Thomas Carroll/Christian Zacharias, East Neuk Festival, UK – review

Neuk, or nook, is a Scottish word for corner, and there are few musical corners of the UK as remote from the metropolitan hubbub as East Neuk on the Fife coast, while remaining so geographically close to it. Since 2004 a handful of small, picturesque towns have hosted a five-day chamber music bash that combines a pithy sense of locale with international standards – giving East Neuk true festival status in a musical market-place full of imposters.

Like all thriving festivals, East Neuk faces a dilemma: whether or not to expand. Its meagre public subsidy has stayed the same for six years and its venues – some of Scotland’s prettiest Presbyterian churches – impose a limit on size. But the audience has trebled as the number of events has grown, and includes a solid core of generous supporters. East Neuk’s artistic director, the quietly charismatic Svend Brown, has now located a promising venue on the tumbledown Cambo estate, home to the Erskine family, and plans to celebrate the festival’s 10th birthday in 2014 with an expanded two-weekend programme, including a small opera staging. That’s a huge development for Scotland, which has no country house opera, but Brown must somehow grow the budget by 50 per cent.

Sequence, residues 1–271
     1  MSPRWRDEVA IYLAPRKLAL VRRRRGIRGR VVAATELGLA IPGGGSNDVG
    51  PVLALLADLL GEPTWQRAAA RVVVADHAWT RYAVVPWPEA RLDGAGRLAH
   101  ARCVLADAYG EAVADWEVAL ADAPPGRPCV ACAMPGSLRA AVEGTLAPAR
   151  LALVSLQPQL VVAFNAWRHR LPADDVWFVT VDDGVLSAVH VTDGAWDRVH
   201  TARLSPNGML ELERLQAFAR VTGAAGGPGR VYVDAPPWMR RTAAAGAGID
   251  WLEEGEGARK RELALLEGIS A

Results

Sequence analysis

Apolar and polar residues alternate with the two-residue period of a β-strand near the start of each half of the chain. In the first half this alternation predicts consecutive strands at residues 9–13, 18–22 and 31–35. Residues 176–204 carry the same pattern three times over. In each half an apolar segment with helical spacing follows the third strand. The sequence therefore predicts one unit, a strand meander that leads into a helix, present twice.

In Kilrenny Church I heard Thomas Carroll’s solo cello recital, framing Dutilleux’s Trois Strophes sur le nom de Sacher with Bach’s first and second cello suites. What came across in Carroll’s deft, darkly resonant performances was the sense of purpose shared by two craftsman-composers across 250 years – each deploying his own language to express a similar range of fantastical musings.

No visit to East Neuk is complete without a Christian Zacharias recital: the German pianist helped found the festival and is a guarantor of its standards. In Crail Church he shared the bill with the polite, verging-on-insipid Elias Quartet – challenging them to express themselves in the chamber version of Mozart’s Piano Concerto No 12 in A, and offering a masterclass of reason, temperament, imagination and integrity in his majestic rendition of Beethoven’s Piano Sonata No 12. That alone would have been worth travelling to the furthest corner of the land.

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